Sunday, April 1, 2012
CHICAGO, Apr. 1, 2012. Faced with law school faculty resistance to the "outcome measures" proposed in the July 27, 2008 committee report commissioned by the Section on Legal Education and Admission to the Bar, the ABA issued a report this morning that it has scrapped "outcome measures" in favor of "income measures." ABA spokesman Carl Spackler said, "We have spent almost four years coming to the conclusion that the only outcome that makes any difference is income. We realized that nobody complained in any significant way about legal education or the profession until the financial crisis sent shockwaves through the economy, and made pursuing a legal career a far riskier endeavor. Beginning with the matriculating class of 2013, law schools will be required to track four-year, ten-year, and twenty-year incomes of its graduates." Asked whether this constituted an irresponsible abandonment of its stewardship over the profession, Spackler responded, "Look, law school has become an extension of a liberal education. If you are flipping burgers, but making a good living and paying back your loans, we've fulfilled our obligation to you."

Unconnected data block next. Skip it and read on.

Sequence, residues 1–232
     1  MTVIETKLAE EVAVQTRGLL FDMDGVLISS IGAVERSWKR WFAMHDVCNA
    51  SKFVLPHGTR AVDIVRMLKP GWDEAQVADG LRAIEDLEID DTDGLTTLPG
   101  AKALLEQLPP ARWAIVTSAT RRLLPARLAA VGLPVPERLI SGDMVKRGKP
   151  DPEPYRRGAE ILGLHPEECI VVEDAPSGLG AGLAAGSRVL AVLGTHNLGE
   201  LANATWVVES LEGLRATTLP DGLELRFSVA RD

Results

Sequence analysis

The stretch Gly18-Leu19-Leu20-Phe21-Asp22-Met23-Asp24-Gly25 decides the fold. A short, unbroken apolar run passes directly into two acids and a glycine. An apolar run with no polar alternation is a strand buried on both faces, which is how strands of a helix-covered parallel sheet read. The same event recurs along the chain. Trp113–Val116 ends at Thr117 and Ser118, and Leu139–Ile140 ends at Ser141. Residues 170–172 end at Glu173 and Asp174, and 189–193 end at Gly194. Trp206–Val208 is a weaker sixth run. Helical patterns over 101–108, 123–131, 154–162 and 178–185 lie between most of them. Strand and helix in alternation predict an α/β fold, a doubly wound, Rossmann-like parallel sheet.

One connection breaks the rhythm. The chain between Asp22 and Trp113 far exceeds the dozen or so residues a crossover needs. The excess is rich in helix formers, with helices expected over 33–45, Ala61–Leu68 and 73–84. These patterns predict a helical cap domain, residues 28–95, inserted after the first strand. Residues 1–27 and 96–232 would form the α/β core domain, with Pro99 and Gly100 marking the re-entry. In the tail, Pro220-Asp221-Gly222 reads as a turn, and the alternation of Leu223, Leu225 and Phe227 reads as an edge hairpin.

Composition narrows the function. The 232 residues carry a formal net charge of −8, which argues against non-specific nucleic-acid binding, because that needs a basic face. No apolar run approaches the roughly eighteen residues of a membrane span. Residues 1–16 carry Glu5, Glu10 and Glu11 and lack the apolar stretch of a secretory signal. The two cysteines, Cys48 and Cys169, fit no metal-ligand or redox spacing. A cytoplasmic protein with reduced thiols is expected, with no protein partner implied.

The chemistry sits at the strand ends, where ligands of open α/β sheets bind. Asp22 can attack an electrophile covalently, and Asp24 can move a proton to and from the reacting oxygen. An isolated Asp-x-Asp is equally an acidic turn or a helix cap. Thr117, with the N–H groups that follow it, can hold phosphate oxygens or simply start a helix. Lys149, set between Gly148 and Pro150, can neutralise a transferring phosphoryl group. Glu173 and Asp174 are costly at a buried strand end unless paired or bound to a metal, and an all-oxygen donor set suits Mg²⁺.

Robert Morse of U.S. News & Report said that the magazine was reviewing this development in connection with its highly influential rankings of American law schools. "I'll have to see how they plan to collect the data," said Morse, "but it sounds a hell of a lot more reliable than subjective faculty reputation surveys."